If you have a retirement account still with an old employer, you are not alone. There are over 5 million people in your same situation. Are you paying attention to your plan investments? Do you know what your plan is costing you in hidden expenses? Is your account being managed as part of your overall financial plan?
A rollover can help you take control of your retirement money and gain four potential benefits:
Choice: Most employer retirement plans have 5 to 15 investment choices such as Large Cap Equity, Fixed Income and Stable Value. These are like mutual funds. After rolling over to an IRA, you can invest in similar mutual funds. Or you can choose from a wide variety of other investments, including individual stocks and bonds, exchange traded funds, even options and real estate
Lower costs: You may be able to rollover to an IRA with substantially lower account costs. You will start to pay fees for buying and selling investments. But you may be able to choose investments with no or low investment management expenses, such as low-cost mutual funds.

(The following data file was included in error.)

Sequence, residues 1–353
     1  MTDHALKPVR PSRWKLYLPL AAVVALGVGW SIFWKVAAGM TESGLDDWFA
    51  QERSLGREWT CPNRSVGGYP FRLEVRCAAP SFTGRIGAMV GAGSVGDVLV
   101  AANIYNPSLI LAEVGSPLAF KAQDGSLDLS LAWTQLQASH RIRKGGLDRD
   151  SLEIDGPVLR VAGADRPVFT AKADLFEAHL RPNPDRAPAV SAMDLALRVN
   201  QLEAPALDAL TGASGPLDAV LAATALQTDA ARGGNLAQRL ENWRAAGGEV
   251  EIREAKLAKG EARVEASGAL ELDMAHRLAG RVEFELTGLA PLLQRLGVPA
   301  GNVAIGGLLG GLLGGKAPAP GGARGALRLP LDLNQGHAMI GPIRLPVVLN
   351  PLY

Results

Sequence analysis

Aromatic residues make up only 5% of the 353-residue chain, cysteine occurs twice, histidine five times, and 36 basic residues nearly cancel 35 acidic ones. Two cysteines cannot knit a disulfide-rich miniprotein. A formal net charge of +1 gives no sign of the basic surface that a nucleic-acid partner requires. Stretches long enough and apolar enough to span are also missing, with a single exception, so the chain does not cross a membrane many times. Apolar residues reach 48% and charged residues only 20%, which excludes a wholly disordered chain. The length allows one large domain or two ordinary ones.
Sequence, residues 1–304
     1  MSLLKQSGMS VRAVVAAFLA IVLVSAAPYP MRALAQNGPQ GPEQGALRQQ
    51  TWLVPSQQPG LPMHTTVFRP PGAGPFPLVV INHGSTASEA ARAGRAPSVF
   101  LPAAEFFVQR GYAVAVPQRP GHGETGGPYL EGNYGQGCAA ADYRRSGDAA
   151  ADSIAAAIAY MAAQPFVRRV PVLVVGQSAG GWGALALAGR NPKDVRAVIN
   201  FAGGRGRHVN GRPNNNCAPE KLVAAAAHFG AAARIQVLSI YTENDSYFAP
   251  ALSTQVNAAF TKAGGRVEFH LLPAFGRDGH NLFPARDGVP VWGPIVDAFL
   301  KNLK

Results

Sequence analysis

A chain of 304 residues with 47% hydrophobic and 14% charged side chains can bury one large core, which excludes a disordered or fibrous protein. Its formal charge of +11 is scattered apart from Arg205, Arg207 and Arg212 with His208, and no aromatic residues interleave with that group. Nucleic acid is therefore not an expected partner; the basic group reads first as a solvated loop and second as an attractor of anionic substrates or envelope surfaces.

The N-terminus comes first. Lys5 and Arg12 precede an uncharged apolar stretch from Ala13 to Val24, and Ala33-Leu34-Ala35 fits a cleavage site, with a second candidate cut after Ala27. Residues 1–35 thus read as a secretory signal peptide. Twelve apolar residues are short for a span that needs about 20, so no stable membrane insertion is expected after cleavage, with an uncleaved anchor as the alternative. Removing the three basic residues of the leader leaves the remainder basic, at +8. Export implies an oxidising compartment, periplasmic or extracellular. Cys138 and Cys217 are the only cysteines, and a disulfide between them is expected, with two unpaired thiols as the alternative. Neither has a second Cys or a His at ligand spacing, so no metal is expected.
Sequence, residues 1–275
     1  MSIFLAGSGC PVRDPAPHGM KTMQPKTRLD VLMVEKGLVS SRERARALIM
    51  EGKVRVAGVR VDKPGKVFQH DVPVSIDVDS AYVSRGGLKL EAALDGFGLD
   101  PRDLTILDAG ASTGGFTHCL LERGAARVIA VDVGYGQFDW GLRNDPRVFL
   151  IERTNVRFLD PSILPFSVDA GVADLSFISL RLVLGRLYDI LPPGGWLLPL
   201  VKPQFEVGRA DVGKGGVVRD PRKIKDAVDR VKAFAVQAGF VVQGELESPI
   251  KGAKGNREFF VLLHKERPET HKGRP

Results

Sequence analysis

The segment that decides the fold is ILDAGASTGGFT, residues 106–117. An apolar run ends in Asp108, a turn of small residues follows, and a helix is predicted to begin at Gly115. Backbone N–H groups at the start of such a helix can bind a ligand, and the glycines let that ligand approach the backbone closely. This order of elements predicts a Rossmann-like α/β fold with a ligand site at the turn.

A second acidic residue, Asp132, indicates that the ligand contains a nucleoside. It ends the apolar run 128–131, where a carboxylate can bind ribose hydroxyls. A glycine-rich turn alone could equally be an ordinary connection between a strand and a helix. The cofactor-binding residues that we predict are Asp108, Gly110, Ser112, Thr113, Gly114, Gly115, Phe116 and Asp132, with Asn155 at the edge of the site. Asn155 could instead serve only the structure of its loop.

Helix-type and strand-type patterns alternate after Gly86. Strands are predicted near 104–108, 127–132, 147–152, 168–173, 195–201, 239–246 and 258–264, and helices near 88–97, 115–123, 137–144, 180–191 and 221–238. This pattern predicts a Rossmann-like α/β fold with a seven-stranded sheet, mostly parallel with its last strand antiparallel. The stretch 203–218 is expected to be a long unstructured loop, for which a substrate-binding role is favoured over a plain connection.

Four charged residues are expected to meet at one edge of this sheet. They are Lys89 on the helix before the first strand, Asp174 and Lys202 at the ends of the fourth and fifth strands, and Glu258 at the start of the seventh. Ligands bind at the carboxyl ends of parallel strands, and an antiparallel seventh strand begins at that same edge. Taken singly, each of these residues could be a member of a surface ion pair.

Advice: Employers are reluctant to offer financial advice to their employees and former employees. Most financial firms offering IRAs have advisors ready to help you. If you already work with a financial advisor, she or he should be considering your retirement account as part of your overall financial plan. However, many advisors don't pay as much attention to assets not directly under their control. If you manage your own investments, having greater choice and control over your retirement money can help with asset allocation and planning.
Options: After rolling over to an IRA, you will be able to contribute more money to your account. You will also have more options for consolidating your accounts, or converting your account to a Roth IRA.
There are few downsides to rollovers. IRAs have similar tax benefits to employer plans, and similar rules for withdrawals. One downside is that you may not be able to rollover your old plan to a new employer's retirement plan. Some people who worked for large employers with excellent retirement plans may not benefit from a rollover.
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